Sharon faces crucial vote on Gaza pullout

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The Independent Online

Ariel Sharon will today stake his premiership on pushing through his plan to withdraw all 7,500 Jewish settlers from Gaza at what could be the most important Israeli cabinet meeting since he came to office more than three and a half years ago.

Ariel Sharon will today stake his premiership on pushing through his plan to withdraw all 7,500 Jewish settlers from Gaza at what could be the most important Israeli cabinet meeting since he came to office more than three and a half years ago.

Freshly armed with an 11-10 majority in favour of the plan, the Israeli Prime Minister finally has the power to see it through, even if it means a dangerous split with ministerial opponents led by his main Likud rival, Benjamin Netanyahu.

Mr Netanyahu and his allies now have to choose between reaching an 11th-hour deal with Mr Sharon and triggering a major upheaval in Israeli politics, with the threatened Prime Minister ditching his own right wing and seeking to form a coalition with the opposition Labour Party.

Despite the big, if care-fully calculated, risk to his administration posed by his determination to disengage from Gaza, Mr Sharon has regained the political initiative over his opponents by sacking two extreme right ministers in his coalition, the National Union's Avigdor Lieberman and Benny Elon.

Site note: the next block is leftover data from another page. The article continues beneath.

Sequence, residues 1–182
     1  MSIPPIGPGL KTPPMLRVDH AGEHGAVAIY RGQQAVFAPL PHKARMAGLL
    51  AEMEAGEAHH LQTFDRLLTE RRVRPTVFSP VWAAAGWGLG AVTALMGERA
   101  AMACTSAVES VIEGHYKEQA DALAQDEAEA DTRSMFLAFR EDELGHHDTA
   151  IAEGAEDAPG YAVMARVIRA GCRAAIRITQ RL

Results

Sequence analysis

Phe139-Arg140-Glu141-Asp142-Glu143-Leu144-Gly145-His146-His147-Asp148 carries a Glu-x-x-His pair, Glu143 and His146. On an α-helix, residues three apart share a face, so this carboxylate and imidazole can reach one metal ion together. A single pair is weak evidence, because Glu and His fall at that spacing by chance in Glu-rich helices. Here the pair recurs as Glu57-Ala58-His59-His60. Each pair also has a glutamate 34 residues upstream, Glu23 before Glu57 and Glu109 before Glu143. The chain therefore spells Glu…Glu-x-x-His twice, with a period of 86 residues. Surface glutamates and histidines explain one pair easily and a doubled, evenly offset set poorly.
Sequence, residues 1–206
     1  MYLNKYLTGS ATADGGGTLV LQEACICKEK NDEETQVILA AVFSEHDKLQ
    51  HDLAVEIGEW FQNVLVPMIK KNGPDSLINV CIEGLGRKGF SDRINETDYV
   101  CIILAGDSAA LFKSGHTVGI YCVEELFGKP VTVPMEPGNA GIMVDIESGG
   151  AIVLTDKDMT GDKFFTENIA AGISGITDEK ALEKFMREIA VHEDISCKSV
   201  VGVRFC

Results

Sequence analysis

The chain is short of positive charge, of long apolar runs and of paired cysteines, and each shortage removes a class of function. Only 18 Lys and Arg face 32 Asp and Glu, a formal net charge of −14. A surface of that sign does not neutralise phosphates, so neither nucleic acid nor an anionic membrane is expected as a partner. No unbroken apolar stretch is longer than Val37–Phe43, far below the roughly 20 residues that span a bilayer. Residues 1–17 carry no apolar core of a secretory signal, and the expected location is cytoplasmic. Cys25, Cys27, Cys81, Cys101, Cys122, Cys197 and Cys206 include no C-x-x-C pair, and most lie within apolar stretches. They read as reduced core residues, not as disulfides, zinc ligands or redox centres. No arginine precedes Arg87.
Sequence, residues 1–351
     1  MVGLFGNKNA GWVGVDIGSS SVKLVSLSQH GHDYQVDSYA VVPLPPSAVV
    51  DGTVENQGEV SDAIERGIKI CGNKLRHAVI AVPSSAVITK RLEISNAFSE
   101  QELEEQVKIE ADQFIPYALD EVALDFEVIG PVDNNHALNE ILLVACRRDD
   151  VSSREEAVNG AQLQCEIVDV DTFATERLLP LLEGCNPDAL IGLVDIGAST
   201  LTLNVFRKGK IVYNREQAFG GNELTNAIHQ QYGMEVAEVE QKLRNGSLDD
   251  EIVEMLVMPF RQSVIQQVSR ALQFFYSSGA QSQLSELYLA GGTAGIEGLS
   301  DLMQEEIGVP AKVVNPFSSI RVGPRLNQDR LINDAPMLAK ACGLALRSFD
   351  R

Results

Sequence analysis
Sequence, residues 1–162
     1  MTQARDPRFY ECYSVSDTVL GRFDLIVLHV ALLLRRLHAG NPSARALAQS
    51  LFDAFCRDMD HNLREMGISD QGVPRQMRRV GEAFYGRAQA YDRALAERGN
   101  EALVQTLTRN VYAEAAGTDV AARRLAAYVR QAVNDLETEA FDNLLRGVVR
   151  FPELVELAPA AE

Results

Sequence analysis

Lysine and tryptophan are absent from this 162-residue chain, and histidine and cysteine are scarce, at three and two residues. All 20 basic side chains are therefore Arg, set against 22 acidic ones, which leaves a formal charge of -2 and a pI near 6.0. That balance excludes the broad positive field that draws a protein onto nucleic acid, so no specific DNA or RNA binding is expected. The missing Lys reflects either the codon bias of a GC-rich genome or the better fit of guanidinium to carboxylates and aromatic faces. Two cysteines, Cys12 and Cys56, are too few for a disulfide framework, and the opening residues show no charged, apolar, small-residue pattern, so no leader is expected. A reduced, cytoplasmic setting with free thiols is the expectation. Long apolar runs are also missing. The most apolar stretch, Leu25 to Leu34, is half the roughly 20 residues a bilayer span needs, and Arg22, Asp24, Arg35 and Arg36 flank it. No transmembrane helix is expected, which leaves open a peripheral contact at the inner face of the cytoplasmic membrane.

In a twist that is bizarre even by the colourful standards of Israeli politics Mr Elon, the tourism minister, has so far avoided receiving his letter of dismissal from Mr Sharon by going into hiding - almost certainly in the Gaza settlement of Netzarim. He was also fired in a telephone call from the Prime Minister on Friday morning, but claimed in a radio interview from an undeclared location that he could not be sure whether it was Mr Sharon speaking to him or Ely Yatzpan, Israel's leading stand-up comedian and impersonator.

Officials have said Mr Elon will be banned from attending today's meeting. But even if his ruse were to delay the vote it can hardly do so permanently. While Mr Elon has been revelling in his new role as a political and media anti-hero, the Labour Knesset member Yacov Herzog said yesterday that his behaviour was "childish" and undermined the Israeli public's faith in democracy.

Fresh negotiations were under way last night to find a version of the plan behind which the Likud cabinet dissidents could yet unite. The immigration minister, Tzipi Livni, who has been seeking to broker an agreement between the two factions, said yesterday that she still thought "there is a chance to reach a compromise deal" before today's meeting.

She said the discussions were around the dissidents' demand that money should continue to be spent on development in those settlements earmarked for dismantling.

Tommy Lapid, the justice minister and leader of the aggressively secular party Shinui, said yesterday after meeting Mr Netanyahu on Friday that he believed Mr Sharon's plan would pass the cabinet vote.

The finance minister and former prime minister was serious about finding a way of solving the Likud split, according to Mr Lipid, who said: "Netanyahu understands that he won't be able to be prime minister after dismissing another Likud premier."

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